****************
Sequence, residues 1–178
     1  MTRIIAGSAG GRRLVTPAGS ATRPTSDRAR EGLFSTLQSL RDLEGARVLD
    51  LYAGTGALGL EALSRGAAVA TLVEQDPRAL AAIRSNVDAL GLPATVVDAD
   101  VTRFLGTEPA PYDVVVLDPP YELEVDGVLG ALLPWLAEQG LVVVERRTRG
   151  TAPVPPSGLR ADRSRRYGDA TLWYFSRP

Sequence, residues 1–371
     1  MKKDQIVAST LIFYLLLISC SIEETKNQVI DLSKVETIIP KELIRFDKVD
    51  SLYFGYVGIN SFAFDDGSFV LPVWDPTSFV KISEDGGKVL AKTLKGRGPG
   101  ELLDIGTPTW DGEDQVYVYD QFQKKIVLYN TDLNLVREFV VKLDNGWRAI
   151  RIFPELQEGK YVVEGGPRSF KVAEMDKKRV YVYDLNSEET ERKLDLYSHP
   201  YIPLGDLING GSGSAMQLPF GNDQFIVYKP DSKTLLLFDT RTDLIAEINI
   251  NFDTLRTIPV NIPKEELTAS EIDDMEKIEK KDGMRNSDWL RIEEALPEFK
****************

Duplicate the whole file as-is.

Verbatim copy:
Sequence, residues 1–178
     1  MTRIIAGSAG GRRLVTPAGS ATRPTSDRAR EGLFSTLQSL RDLEGARVLD
    51  LYAGTGALGL EALSRGAAVA TLVEQDPRAL AAIRSNVDAL GLPATVVDAD
   101  VTRFLGTEPA PYDVVVLDPP YELEVDGVLG ALLPWLAEQG LVVVERRTRG
   151  TAPVPPSGLR ADRSRRYGDA TLWYFSRP

Sequence, residues 1–371
     1  MKKDQIVAST LIFYLLLISC SIEETKNQVI DLSKVETIIP KELIRFDKVD
    51  SLYFGYVGIN SFAFDDGSFV LPVWDPTSFV KISEDGGKVL AKTLKGRGPG
   101  ELLDIGTPTW DGEDQVYVYD QFQKKIVLYN TDLNLVREFV VKLDNGWRAI
   151  RIFPELQEGK YVVEGGPRSF KVAEMDKKRV YVYDLNSEET ERKLDLYSHP
   201  YIPLGDLING GSGSAMQLPF GNDQFIVYKP DSKTLLLFDT RTDLIAEINI
   251  NFDTLRTIPV NIPKEELTAS EIDDMEKIEK KDGMRNSDWL RIEEALPEFK